And suddenly a friend or a contact pops up in a more private window. Telling me that an article must be read, that a talent is rising. That a project has a just been launched.

That’s the strong come back of the OFF in our digital world. What is rare is costly: bringing the perfect information to an individual is the top service.

Sometimes, I have nothing to tell you online. Nothing as it’s too demanding in terme of available time. It’s not only a question of brain availability, but brodcasting capability. It’s the big difference with Le Lay principle some years ago: in our attention economy, it’s not only about being fed by incredible amounts of signals; it’s about being able to filter, synthetize, send, forward.

In this silent world, this dumb conversation, the one that does not leave a digital footprint in search engines, is very worth.

At the end, the true influence could be in measuring the ability for someone to be invisible. A little bit like luxury brands, that cultivate distance, whereas they’re omnipresent in the form of conversations .

One worry: if monitoring online conversations is at the end not so complicated, entering this silent world is going to be a big challenge. Even with Wikileaks-agents. It’s obviously on. It’s obviously off.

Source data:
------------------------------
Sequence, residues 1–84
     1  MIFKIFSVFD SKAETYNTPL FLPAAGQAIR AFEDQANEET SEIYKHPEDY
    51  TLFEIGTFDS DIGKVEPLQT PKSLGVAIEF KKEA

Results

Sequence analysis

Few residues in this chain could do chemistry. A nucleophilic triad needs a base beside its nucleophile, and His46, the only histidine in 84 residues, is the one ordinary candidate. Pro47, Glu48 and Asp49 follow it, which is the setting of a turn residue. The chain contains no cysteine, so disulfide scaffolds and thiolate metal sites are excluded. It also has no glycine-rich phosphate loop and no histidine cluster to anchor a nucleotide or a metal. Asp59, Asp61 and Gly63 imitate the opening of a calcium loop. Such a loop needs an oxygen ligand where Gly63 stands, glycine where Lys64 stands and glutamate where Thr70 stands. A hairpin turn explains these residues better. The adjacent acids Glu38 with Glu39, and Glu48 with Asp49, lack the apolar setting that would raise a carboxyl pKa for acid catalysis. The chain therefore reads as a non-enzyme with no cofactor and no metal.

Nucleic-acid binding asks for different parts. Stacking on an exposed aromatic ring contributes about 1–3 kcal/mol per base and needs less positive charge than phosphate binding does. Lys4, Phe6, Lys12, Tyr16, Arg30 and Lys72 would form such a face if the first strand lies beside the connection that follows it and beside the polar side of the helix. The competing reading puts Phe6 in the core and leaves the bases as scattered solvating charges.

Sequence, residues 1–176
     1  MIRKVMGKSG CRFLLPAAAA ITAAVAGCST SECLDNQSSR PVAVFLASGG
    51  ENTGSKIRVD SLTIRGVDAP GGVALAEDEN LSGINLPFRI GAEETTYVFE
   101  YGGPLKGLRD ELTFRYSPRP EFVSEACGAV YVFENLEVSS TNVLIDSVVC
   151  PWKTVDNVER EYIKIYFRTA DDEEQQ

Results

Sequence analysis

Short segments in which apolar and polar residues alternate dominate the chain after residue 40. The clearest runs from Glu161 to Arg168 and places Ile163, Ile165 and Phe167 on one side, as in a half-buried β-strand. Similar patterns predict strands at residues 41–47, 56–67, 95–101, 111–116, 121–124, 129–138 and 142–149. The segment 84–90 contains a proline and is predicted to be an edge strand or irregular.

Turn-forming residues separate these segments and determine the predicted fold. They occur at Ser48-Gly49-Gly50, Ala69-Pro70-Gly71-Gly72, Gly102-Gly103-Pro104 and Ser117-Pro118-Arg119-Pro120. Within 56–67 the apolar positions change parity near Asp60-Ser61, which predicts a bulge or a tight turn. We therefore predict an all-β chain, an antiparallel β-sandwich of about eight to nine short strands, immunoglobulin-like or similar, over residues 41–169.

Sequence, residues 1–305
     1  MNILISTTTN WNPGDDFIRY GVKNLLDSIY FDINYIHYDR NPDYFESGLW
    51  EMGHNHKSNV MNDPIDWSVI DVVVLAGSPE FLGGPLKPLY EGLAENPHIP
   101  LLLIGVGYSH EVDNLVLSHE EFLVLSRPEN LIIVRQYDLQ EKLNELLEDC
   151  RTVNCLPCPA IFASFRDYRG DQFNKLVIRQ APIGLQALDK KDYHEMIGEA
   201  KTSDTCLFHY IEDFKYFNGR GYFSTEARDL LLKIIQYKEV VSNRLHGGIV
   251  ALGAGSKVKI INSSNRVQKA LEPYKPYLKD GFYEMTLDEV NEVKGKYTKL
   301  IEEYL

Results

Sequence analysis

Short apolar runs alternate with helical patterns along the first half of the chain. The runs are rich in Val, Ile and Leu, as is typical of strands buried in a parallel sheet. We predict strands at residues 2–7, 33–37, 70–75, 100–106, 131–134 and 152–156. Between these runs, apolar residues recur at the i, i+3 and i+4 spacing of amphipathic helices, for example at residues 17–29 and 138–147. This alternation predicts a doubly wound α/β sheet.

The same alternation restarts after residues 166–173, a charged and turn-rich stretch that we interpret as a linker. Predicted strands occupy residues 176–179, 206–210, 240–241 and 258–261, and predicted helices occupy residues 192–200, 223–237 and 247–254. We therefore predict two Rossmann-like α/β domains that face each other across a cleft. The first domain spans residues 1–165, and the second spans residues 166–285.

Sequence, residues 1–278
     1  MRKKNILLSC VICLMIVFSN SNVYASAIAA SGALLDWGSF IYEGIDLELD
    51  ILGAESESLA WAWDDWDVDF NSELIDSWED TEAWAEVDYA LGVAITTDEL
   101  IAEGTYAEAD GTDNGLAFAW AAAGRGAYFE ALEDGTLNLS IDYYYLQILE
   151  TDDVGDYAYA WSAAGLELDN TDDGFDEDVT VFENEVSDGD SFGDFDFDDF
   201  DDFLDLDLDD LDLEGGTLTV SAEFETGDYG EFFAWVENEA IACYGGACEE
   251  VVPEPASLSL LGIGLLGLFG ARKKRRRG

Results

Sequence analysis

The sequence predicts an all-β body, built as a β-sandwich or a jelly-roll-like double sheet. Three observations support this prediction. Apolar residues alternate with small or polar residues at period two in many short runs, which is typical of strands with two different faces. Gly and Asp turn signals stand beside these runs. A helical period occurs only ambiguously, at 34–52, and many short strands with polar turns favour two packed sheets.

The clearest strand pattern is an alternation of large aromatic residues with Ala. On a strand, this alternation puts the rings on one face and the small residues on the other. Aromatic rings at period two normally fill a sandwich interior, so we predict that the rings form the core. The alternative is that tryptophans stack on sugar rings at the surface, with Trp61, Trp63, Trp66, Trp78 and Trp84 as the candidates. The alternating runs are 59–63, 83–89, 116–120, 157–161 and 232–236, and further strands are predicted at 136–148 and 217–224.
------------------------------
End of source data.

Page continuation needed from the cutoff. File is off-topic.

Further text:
June 4th, 2010

When the curator becomes more important than the creator in #SocialMedia

by Laurent François


Infobesity, millions of tweets. Data, information. During the last 10 years, we said that in order to make our contents valuable, we needed to make them viral. During the last 5 years, we realized that critics & aggregators were probably key in the value process of the social web. How to tag & sort relevant contents? How do I “fix” the web somewhere ?

Now there’s something more important than tagging and labelling the web: we need to really structure it.

What’s a structure?

A structure is “a fundamental and sometimes intangible notion covering the recognition, observation, nature, and stability of patterns and relationships of entities” (Wikipedia).

What it means, in a very pragmatic way: giving a sense to someone.

It’s the difference between the shelfs in a library which sort the books (like the tags) and the explanation a sociologist can give you about a specific topic, which is based on the books he read the competences he injected to create value (like the curator).

This curation is now emerging. It’s time to add value to our web experience. To give “archive experience”.